Goddard on Poetry

One of the great reads on Shakespeare is Harold C. Goddard’s The Meaning of Shakespeare, Volume 1. My God, what a teacher this man must have been! (Head of the English Dept. at Swarthmore College in Pennsylvania in the 1930s and 40s.)

Here are a few passages on poetry from Chapter 1:

Poetry is not something that exists in printed words on the page. It is not even something that exists in nature, in sunshine or in moonlight. Nor on the other hand is it something that exists just in the human heart or mind. It is rather the spark that leaps across when something within is brought close to something without, or something without to something within. The poetry is the spark. Or, if you will, it is what the spark gives birth to, something as different from either its inner or its outer constituent as water is from the oxygen or the hydrogen that electricity combines…

Imagination is neither the language of nature nor the language of man, but both at once, the medium of communion between the two–as if the birds, unable to understand the speech of man, and man, unable to understand the songs of birds, yet longing to communicate, were to agree on a tongue made up of sounds they both could comprehend–the voice of running water perhaps or the wind in the trees. Imagination is the elemental speech in all senses, the first and the last, of primitive man and of the poets…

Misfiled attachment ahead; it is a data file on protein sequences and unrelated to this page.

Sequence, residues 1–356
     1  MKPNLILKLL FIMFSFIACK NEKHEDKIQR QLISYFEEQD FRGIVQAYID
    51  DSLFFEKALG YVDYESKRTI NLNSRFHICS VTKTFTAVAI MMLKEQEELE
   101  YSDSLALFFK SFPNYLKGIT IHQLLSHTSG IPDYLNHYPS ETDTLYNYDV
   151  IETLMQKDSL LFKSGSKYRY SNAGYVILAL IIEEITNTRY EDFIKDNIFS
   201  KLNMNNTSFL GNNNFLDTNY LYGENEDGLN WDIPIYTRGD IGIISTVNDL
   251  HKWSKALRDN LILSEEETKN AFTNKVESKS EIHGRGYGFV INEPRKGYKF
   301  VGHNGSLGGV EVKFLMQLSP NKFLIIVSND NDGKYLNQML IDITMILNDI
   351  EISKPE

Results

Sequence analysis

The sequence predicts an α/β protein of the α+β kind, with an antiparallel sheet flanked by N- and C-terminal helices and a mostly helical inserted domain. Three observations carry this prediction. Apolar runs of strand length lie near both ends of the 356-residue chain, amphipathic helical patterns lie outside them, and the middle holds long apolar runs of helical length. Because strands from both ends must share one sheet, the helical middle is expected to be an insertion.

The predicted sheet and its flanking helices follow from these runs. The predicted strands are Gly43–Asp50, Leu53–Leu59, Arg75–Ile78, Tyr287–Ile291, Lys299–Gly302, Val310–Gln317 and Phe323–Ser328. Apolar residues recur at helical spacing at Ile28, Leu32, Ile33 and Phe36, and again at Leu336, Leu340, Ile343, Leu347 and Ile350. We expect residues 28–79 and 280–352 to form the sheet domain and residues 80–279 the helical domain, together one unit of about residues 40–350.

Poetry, the elemental speech, is the like the elements. Its primary function is not to convey thought, but to reflect life. It shows man his soul, as a looking glass does his face. There hangs the mirror on the wall, a definite object, the same for all. Yet whoever looks into it sees not the mirror but himself. We all live in the same world, but what different worlds we see in it and make out of it: Caesar’s, Jesus’, Machiavelli’s, Mozart’s–yours and mine…

To our age anything Delphic is anathema. We want the definite. As certainly as ours is a time of the expert and the technician, we are living under a dynasty of the intellect, and the aim of the intellect is not to wonder and love and grow wise about life, but to control it…

Art is given us to redeem us. All we are in the habit of asking or expecting of it today is that it should please or teach–whereas it ought to captivate us, carry us out of ourselves, make us over into something more nearly in its own image…

“King Lear is a miracle,” wrote a young woman who had just come under its incomparable spell. “There is nothing in the whole world that is not in this play. It says everything, and if this is the last and final judgment on the world we live in, then it is a miraculous world. This is a miracle play.”

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